The retail industry is abuzz with the news of Amazon opening up a new physical store in Seattle. At first, it seems counterintuitive for one of the biggest e-commerce stores in the world to open a retail store, however, there is a strategy behind the opening of Amazon retail branches, one that is going to improve their earnings. There are several lessons that smaller retail stores can learn from the expansion of Amazon into the physical retail space, here are just some of the lessons to learn from it.
Shipping has been an integral part of Amazon’s success, but the costs are starting to pile up. Research indicates that the shipping costs have grown to 27.7 billion in 2018 compared to $5 billion in 2012. To bring these costs under control, Amazon is opening up the physical store to encourage people to come in and buy their goods in person. The lesson to be learnt here is that shipping costs are a huge burden – for example, coordinating logistics and paying for delivery are costly services that smaller stores can do without. Therefore, retailers should look for ways to work around the expenses for shipping by providing incentives for customers to come into their store or at least make the management of deliveries more time-efficient using EPOS software, for instance.
The fact that the largest e-commerce platform launched a physical store should tell us that there is still value in retail shopping. In fact, it is possible to say that the future of retail blends the best of e-commerce where customers shop from the comfort of their home and visit the store to pick up their purchase in-person. This method is commonly known as click and collect or buy online, pick up in-store (BOPIS). Small retailers can set up a similar system to enjoy the best of both worlds, using EPOS software.
One of the biggest objectives behind the physical store is to build up loyalty to the Amazon brand and ultimately increase the number of Amazon Prime memberships. Amazon is hoping to accomplish this with differential pricing, where Prime members get the same prices they would get online, while others would have to pay a slightly higher price. Undoubtedly, many customers would be tempted to get an Amazon Prime membership. Retailers can adopt a similar strategy with EPOS software, by offering a program similar to loyalty programs offering certain perks, like lower prices, so they can build up more subscriptions, which can and most likely will increase earnings.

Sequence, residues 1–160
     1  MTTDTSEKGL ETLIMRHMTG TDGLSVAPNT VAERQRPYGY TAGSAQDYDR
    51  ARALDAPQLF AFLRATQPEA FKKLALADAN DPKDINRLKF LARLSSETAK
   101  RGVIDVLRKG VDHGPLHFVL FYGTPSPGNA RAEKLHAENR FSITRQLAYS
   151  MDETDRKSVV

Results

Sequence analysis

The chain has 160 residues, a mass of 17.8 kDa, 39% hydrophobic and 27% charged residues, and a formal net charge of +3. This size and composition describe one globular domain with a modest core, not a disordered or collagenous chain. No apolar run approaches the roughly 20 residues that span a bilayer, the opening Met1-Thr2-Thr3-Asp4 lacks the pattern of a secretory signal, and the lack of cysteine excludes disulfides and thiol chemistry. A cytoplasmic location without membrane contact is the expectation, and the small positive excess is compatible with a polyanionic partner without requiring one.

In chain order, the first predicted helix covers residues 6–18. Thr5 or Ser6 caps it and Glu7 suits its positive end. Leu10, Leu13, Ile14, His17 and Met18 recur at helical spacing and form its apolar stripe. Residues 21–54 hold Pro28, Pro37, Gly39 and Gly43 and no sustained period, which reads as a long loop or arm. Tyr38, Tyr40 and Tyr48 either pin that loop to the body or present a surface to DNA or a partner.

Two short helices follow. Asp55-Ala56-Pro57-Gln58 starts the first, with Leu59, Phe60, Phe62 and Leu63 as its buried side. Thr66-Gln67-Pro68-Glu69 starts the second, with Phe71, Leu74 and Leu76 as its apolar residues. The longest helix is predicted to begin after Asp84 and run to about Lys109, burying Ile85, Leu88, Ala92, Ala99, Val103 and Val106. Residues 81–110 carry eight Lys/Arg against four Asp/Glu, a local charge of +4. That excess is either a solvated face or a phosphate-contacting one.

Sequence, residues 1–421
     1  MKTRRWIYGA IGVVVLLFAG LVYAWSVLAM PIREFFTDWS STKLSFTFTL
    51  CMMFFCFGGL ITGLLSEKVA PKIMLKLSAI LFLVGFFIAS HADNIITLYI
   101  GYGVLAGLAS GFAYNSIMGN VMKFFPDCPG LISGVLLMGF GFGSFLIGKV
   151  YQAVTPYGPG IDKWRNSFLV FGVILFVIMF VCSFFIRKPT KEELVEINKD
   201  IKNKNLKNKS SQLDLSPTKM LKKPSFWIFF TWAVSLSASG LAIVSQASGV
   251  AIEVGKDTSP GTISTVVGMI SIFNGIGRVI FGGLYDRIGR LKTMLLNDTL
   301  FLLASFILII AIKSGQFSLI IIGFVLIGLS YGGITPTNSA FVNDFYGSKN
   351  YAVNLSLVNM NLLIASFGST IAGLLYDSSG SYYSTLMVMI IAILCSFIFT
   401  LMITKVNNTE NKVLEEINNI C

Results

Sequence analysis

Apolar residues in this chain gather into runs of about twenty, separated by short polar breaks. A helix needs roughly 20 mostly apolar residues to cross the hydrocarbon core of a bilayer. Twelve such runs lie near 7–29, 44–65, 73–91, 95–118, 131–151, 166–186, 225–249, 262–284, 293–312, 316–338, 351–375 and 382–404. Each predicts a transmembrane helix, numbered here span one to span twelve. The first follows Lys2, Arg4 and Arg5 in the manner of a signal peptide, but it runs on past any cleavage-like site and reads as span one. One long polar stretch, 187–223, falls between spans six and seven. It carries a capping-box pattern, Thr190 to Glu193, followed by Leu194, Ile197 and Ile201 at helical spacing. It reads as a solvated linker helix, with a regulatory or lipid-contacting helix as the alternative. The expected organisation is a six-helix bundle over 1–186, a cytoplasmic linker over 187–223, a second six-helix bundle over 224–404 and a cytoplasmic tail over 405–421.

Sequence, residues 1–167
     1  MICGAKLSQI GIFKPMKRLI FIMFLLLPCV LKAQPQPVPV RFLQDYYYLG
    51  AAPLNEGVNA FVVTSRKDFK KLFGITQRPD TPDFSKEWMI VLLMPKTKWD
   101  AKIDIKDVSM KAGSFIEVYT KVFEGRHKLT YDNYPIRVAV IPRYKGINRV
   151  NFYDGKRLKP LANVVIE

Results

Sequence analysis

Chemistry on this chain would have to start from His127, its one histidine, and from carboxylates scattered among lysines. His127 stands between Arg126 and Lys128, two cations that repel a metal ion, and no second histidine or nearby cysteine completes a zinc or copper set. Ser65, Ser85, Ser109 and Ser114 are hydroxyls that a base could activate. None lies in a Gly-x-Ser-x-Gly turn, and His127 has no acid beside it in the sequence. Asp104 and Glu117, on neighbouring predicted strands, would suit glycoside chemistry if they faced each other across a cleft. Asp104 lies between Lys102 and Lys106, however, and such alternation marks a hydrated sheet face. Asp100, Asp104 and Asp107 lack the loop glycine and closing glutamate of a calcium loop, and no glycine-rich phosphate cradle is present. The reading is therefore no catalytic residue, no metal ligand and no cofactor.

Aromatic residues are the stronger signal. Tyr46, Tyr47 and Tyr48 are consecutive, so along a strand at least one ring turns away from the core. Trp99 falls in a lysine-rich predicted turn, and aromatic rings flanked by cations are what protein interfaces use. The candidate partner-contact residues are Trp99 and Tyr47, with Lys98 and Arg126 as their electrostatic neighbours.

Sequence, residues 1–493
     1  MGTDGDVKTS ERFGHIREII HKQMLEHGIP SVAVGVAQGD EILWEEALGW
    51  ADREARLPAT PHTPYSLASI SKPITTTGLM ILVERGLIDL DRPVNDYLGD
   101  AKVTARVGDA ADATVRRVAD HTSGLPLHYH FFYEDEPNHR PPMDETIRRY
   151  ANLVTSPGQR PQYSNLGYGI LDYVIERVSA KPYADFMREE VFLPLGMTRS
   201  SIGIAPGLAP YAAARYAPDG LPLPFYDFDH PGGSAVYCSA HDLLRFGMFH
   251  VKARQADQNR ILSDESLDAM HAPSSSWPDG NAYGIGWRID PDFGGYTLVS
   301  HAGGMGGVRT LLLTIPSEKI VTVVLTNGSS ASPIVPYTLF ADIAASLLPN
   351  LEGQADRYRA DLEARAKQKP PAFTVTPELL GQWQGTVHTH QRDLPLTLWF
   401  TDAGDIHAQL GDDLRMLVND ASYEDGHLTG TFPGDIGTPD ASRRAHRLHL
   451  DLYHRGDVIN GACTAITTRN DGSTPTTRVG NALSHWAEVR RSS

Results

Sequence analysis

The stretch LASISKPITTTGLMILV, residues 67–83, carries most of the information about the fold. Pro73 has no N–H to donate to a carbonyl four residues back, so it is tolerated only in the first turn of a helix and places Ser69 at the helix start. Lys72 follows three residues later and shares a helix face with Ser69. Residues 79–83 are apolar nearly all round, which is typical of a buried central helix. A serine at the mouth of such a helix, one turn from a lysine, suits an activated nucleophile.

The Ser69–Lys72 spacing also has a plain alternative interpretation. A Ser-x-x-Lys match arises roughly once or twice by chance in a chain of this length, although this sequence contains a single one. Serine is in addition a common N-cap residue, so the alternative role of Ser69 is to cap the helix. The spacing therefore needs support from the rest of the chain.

Amazon is opening up a physical store because they want to dedicate display real estate for their products. Certain products, like Kindles and Amazon Echo, will be prominently displayed in the store, so customers who may not otherwise buy these products will be more tempted to consider them. Smaller retailers should be able to adopt a similar strategy to give attention to products that are selling well or struggling (provided there is a discount).
Furthermore, a physical retail store allows Amazon to break into new sectors where their digital-only platform was an impediment to success. An excellent example is fashion and clothing, customers are not comfortable buying clothes on an e-commerce platform because there several factors to consider, like the size and fit. However, a physical store makes clothing an easier sell because customers can try the products for themselves before purchasing them.
The main lesson for smaller retailers is that some products sell better online and others sell better at the physical store. Retailers can use the EPOS software to find out which products are selling well in their store and what is selling online. They can also use the information to optimise their selling strategies. For example, with a BOPIS strategy, retailers can entice customers to buy something in-person they wouldn’t buy online.
On the surface, Amazon’s expansion into physical retail might be intimidating to some retailers. However, there is a treasure trove of information that can be gleaned from Amazon opening a physical store. Retailers can learn a lot about the way Amazon uses its retail stores to increase product sales, brand loyalty and ultimately revenue. Retailers looking to expand their business should look into a versatile asset that can help them realise the lessons from Amazon.